Wednesday, September 23, 2009

McArthur Genious and the work of Esther Duflo

This week, the MacArthur Foundation named the 24 recipients of the Genius Awards -half million dollars no string attached- for each. As i was communing back to my house this evening, I listened to a NPR report on two of the winners, a mathematician from Harvard and a poet from University of Washington. Both have impressive credentials and do innovative work. This post, However, is about another genius: Esther Duflo, an economist at MIT.  

The cacophony of macro-economist debating on the future of their profession has muted many vanguard forces trying to shift the economic paradigm that has remained freshwater-shipwrecked for the past few decades. The work of proffessor Duflo is a prime example of how finally we are starting to see alternative views that challenge neoclassic economic theory. Following the footsteps of great minds like Kenneth Boulding, E. F. Schumacher (yes, buy Small is Beautiful), Howard Odum, and Herman Daly, Duflo, and a new generation of economist, are finding inspiration on psychology, environmental science, design, and philosophy, to move away from economics as a mathematically driven exact science.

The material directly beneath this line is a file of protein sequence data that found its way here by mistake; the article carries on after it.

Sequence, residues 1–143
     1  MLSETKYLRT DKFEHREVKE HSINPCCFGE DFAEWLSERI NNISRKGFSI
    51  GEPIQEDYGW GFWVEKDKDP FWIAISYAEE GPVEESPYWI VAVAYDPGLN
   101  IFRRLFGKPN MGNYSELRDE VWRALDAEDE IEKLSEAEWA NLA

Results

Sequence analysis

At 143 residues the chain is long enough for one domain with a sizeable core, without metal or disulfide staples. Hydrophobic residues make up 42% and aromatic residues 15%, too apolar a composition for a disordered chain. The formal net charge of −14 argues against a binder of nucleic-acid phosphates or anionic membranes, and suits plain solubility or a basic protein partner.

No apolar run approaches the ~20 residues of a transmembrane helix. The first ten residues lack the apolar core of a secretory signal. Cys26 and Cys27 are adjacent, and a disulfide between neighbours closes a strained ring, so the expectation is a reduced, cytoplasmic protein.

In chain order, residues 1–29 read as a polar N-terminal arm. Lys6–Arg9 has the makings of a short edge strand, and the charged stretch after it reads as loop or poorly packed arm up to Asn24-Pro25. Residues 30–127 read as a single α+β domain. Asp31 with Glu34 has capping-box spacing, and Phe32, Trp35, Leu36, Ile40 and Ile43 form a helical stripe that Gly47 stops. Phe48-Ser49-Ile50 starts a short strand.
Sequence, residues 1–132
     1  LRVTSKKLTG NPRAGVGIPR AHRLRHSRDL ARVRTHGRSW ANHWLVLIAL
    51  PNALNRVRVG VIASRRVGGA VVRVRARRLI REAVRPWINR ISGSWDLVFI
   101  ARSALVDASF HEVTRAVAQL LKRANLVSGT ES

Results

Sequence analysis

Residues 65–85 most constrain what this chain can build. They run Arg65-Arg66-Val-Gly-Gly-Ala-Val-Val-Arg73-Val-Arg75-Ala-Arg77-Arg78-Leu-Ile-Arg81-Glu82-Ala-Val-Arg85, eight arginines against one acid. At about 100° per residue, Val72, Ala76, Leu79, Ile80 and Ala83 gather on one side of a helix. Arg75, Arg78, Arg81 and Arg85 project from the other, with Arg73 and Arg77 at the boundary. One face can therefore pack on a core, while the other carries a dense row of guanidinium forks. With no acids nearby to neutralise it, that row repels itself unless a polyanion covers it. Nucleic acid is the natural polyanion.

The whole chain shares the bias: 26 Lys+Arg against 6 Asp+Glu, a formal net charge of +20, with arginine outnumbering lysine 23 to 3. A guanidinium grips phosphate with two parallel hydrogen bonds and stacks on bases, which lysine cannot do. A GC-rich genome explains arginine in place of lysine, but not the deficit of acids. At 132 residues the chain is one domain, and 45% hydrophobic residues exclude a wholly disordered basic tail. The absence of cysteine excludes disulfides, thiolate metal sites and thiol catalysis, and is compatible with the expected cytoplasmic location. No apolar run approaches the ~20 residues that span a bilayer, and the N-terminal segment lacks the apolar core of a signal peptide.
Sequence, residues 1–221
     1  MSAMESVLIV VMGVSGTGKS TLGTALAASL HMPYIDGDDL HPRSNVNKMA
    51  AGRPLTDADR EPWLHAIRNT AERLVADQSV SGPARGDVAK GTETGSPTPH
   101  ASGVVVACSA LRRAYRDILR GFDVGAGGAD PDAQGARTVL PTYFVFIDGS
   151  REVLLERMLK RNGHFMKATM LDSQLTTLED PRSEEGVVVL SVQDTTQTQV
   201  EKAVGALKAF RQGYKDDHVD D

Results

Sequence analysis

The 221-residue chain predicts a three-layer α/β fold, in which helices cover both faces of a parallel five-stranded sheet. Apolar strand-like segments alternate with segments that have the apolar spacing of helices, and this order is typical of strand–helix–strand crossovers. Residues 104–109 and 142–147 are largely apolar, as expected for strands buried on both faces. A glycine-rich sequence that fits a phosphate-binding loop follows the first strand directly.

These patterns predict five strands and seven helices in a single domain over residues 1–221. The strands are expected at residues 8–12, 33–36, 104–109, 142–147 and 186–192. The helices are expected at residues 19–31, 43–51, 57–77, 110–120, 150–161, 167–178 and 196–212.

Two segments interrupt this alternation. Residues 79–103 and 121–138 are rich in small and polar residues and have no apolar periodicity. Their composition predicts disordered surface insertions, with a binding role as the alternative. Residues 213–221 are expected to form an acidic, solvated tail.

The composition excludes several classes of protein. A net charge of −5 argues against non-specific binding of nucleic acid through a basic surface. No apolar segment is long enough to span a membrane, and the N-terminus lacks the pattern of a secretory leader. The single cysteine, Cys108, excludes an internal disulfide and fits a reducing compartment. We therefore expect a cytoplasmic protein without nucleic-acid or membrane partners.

Take for example her work on Fertilizer in Kenya. She tries to understand the underlying motives behind the low use of fertilizer among Keynesian farmers, even when the returns on investment are extremely evident. The culprit? procrastination.  "Behavioral biases limit profitable investments in fertilizer by farmers in developing countries." Or in other words, farmers, just like voters and individuals, not always make rational decisions.

What is remarkable about her work is the use of other social sciences, to explain economic behaviors. Not that other researches aren't doing it, but rather we aren't hearing about them. Their voice and their research remains secluded to small circles behind the wall of coastal universities. We need more Duflo's in the econ departments of our colleges and universities. We need a more comprehensive development economics that values and understand our flaws and virtues and gives real solutions to the millions still undeserved. Tell me, if you know where they are.